Even in a season like this one, where the Cubs are effectively laying waste to the opposition, it takes only a couple close, frustrating losses to the Cardinals to get folks riled up again. I actually don’t hate it. Sure, I could do without people saying dopey, hyperbolic things, but it’s nice to see – and feel! – some passion, even negative passion. No one wants the winning to become completely boring and stale.
- A periodic reminder about good teams: they lose a lot of one run games. Maybe that sounds counterintuitive – it’s certainly contrary to the popular wisdom – but the reality is that good teams (as in “true talent” good teams, not just teams with good records*) are good enough to stay close in games in which they aren’t playing their best or aren’t getting the breaks. When you stay close, and when you still lose 60+ games (as virtually all teams in history do), a lot of those losses will be by one run. Heck, a full half of the Cubs’ 22 losses this year have been by a single run. That’s because they’re good, not because they can’t win close games. It doesn’t make it feel any better when two of those losses happen back-to-back against the Cardinals, but there it is.** Don’t immediately buy into the “good teams win close games” trope. They do win a lot of close games, they also lose a lot of close games. They also win a lot of blowouts. They also lose very few blowouts.
- *(And don’t let that part trip you up: “good team” is not synonymous with “team with a good record.” Usually it is, but often teams with a good record have a whole lot of good fortune – and one of the primary fortunate ball-bounces in a sport like baseball shows up in a team’s record in one-run games. “Good team” here means “actually good based on underlying talent and performance.”)
- **(For a one note anecdote, consider that the 100-win Cardinals last year lost more one-run games than seven(!) other teams in the National League. To be sure, they also won a lot of one-run games, which is how they got to 100 wins. At the end of this season, I’ll hazard a guess that the Cubs’ one-run game record will be fine, but that they’ll win fewer than a lot of teams because most of their wins will be by a lot more than one run. It’s not like winning a game by one run is somehow better than winning a game by five runs.)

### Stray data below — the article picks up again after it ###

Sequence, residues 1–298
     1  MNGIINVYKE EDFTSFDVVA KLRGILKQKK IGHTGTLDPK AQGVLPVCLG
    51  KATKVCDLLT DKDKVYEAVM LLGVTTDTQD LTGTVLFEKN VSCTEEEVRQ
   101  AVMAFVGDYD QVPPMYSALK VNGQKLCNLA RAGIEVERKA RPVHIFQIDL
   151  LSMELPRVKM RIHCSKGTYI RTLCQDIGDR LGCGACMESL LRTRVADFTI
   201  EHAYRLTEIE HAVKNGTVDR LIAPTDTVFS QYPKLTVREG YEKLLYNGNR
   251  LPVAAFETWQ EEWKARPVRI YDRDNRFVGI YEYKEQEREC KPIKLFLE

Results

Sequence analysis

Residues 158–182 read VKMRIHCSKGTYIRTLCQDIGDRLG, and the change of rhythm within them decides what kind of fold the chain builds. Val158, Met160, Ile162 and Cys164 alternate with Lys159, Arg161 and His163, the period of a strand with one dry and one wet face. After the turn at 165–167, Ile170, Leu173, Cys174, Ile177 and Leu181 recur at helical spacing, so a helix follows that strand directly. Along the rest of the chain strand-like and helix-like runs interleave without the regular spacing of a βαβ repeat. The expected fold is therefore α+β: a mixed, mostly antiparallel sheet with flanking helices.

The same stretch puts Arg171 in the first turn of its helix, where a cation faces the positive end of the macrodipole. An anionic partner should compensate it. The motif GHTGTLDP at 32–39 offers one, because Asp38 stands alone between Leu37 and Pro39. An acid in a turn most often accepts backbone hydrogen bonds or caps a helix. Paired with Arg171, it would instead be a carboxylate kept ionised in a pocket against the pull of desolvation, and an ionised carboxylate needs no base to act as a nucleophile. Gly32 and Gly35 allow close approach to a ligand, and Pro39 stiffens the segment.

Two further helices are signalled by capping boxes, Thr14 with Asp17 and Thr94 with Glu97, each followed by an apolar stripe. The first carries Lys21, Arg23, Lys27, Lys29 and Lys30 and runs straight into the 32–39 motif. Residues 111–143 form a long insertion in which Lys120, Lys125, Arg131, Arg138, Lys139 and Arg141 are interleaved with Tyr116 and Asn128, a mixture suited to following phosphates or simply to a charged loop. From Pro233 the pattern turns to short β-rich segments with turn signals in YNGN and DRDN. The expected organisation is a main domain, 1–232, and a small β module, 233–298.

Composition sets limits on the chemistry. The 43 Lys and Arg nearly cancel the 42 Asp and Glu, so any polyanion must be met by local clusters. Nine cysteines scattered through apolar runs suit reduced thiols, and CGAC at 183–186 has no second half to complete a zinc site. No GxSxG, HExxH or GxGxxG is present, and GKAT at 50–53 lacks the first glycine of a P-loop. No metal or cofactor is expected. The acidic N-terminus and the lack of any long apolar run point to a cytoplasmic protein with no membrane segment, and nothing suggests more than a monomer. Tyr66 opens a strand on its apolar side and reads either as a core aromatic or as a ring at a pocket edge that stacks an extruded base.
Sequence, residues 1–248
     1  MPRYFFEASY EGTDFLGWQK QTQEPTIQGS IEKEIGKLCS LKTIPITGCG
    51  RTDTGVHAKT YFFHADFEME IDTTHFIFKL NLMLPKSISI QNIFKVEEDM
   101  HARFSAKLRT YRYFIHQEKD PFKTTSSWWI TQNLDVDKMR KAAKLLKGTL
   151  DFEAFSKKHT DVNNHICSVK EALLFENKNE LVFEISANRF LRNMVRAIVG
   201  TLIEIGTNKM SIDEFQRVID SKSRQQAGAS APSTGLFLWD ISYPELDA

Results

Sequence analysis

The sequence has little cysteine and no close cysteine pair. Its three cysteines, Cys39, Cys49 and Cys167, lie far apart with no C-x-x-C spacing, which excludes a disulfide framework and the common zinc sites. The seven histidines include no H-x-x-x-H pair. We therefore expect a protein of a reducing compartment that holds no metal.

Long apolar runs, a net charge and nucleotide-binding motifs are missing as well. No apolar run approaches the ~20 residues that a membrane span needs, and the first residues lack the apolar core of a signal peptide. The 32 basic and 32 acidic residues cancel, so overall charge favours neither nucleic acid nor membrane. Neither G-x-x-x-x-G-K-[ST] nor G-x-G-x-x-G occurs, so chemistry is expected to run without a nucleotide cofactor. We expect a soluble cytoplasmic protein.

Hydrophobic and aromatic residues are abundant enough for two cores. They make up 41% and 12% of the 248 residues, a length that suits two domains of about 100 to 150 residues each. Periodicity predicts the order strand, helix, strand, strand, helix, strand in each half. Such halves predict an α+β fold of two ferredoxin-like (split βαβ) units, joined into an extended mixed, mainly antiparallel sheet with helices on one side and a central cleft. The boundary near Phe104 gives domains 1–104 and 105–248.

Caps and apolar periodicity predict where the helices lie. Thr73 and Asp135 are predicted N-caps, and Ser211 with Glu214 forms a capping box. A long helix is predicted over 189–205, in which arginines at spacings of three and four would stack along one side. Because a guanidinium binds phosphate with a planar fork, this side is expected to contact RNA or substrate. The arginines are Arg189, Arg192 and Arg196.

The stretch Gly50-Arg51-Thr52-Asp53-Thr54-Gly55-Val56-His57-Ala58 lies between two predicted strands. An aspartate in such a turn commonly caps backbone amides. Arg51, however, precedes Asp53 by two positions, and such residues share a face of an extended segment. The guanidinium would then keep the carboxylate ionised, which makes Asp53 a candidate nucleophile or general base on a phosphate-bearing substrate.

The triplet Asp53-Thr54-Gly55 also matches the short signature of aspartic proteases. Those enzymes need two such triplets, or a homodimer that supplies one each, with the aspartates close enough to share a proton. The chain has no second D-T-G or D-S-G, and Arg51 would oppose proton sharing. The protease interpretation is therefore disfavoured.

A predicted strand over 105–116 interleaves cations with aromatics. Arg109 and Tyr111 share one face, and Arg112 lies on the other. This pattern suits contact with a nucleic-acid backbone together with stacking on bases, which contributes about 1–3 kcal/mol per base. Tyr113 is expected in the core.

- As for last night’s loss, there’s a lot you could hang it on, but the lack of a timely hit sure stood out (plus the three double plays). That was actually an issue in the first game, too – the Cubs have out-hit the Cardinals in the series 16-14, but the Cubs are just 1-14 with runners in scoring position. The Cardinals are 2-8. The other big difference? The Cardinals have four homers in the series, the Cubs have none.
- Joe Maddon with much more on Willson Contreras, and about the Cubs’ desire not to expose him too much as he’s developing and learning. If you missed the longer take on Contreras’s defense and planned use, check it out here.
- The Dexter Fowler hamstring injury really must be extremely minor, as doctors determined he’d miss only one week (Cubs.com). That’s basically nothing at all for a hamstring injury, so that’s great news. Fowler still ended up going on the DL, because playing short for a week is tough. Hopefully he comes back refreshed, rested, and ready to resume raking.
- Chris Coghlan has been the part-time leadoff hitter in Fowler’s stead, and all he’s done in his return to the Cubs is hit .294/.455/.412 over his first 22 plate appearances. Given how flukey his terrible start in Oakland seemed to be, tied to the late-Spring trade, family circumstances, and things that aren’t a concern now that he’s back with the Cubs, I’d say he’s a much better bet to look like the guy he was in 2014 and 2015 with the Cubs (serviceable in left, can play elsewhere, hits very well against righties) than he did this year with the A’s. And if that’s the case, although he was picked up because the Cubs needed outfield depth in a hurry, I don’t think he’ll be going anywhere when Jorge Soler, Tommy La Stella, and Fowler come back.
- Theo Epstein once hung a full Tom Brady uniform in Kevin Millar’s locker and made him wear it to batting practice (Tribune).
- At least last night featured some fun after the game:
*beep* *boop* The Plan *boop* Sustained Success *beep* Let's Go pic.twitter.com/ZOUnIPbCCL
— Brett Taylor (@BleacherNation) June 22, 2016
— Chicago Cubs (@Cubs) June 22, 2016